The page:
I was getting no information that it was actually doing anything for the first couple minutes.
? Didn't it show the import dialog?
I can open the .xyz in Notepad+ basically instantly
If you wanted Manifold to do only what Notepad+ does, Manifold also would open that .xyz for text editing very fast. But you want to do more than text editing, right?
Notepad+ is literally about a thousand times simpler than what is necessary for GIS so the data structures it uses internally can be much simpler. When it comes to something like 9, the data structures are even more sophisticated than compared to say, PostgreSQL which is terribly slow with rasters or ArcGIS Pro, which takes forever to open a big project with many components and also is terribly slow with vectors and rasters.
It seems like Manifold would import the data quickly, then go slow on the processing to pixels.
That could be done if the path to very high speed storage was a simple matter of importing the data all at once and then doing some processing. Alas, that's not the case.
There's a lot of pre-computation that goes into storing data so that a project with hundreds of components that total hundreds of gigabytes can open instantly, store changes almost instantly, and instantly pop open components that are themselves over 100 gigabytes in size. Add to that the ability to efficiently do parallel work, for example, throwing a thousand GPU cores to do a task in seconds that takes hours or days in ArcGIS Pro, and all that is asking a lot of the data structures and access methods within Manifold's internal database. Converting data from ordinary formats into those data structures takes time.
That's especially true of plain text formats that have no intelligence to them, no spatial indexes, etc., that can be used to get a head start on organizing the data. The best way to process all that is not necessarily to first read all of the text, either.
But you only have to do all that once, when the data is imported. After that, it's much, much faster than leaving the data in dumb formats.
when nothing shows up for minutes, its hard to know at what point to give up or let it ride.
The job for the dataport is to import data from a format accurately and to build internal structures within Manifold's database to allow that data to be operated on with full performance, and to do that job as fast as possible. Anything that slows the process down should be avoided.
For example, while it's nice to reassure beginners with a new format that 9 hasn't crashed, that's not worth doing if it slows the process down. It's not a safe assumption to think that it doesn't slow down the works to surface from what might be very complex internal processes, like recursion, to give an honest report of "Still working!"
A more efficient approach is to simply do the job as fast as possible. Most of the time imports happen so fast it doesn't matter. In those few cases of long imports, new users very quickly learn that 9 doesn't crash. They know if it pops open the dialog to start importing something, it's on the job and it will get it done.
As for reassuring people by issuing progress reports on different steps in the process, unless somebody understands how all the internal data structures work it seems unproductive to fire incomprehensible phrases at them. May as well just show a rotating circle "in progress" graphic or alternate between various phrases ("Still working!", "Gosh, this is taking a while!", "I'm doing my best!", "Good news! There's time for a coffee break!") so people are reassured it hasn't stopped working.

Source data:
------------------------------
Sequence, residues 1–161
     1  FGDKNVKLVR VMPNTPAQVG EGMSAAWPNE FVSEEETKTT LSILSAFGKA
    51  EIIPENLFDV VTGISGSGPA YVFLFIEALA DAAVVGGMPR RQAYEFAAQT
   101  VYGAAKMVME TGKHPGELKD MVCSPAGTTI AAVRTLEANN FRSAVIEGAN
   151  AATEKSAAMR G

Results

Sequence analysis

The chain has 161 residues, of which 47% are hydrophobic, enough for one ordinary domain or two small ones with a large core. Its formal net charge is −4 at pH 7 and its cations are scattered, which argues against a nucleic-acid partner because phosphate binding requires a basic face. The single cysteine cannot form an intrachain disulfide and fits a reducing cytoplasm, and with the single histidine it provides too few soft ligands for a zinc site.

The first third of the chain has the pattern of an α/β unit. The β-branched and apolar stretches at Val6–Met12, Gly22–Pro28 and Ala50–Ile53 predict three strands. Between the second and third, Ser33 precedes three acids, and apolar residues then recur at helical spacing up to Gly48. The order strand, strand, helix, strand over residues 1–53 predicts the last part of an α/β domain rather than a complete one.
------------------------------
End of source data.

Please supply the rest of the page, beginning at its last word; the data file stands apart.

I'm personally not a big fan of progress bars, because they invite misunderstandings: most people look at a progress bar and expect to see a linear representation of a linear process, but many tasks in programs are not linear. You see that effect with Windows updates, where it may go from 5% done to 95% done in seconds and then you stare at 95% done for the next ten minutes.
That progress bars report non-linear phenomena is especially true when the same, progress bar interface is used for what are hundreds of different data ports working on wildly varying data formats and servers, where there is very great variation in what has to be done to extract data and to structure it within Manifold's internal high performance database.
One more thing: if you do very many imports from some particular format that might be a rare format for other people, don't hesitate to read the advice on suggestions and then send in a request to speed that format import up. Something like "XYZ" format is really a family of formats where there might be opportunities for optimization that are tuned to specific types of vector or raster data stored in one of those formats.
The process for developing new dataports is also non-linear, especially for those dataports that are rarely used or which have very little sample data to them. The first versions of rarely-used dataports tend to focus on reliability and quality. They don't invest vast amounts of engineering time to increase the speed of something that is rarely used. When many people use a dataport, it's natural to apply extra effort for optimizations which might speed up the dataport.
PBF for example, is a notoriously slow format but was rarely used. The dataport for importing PBF started out being very reliable but slow. Once people started using PBF a lot more, Manifold returned to the PBF dataport and tuned it. That happened twice, if I recall correctly, with each new iteration increasing speed. The latest PBF dataport is much faster than the original version.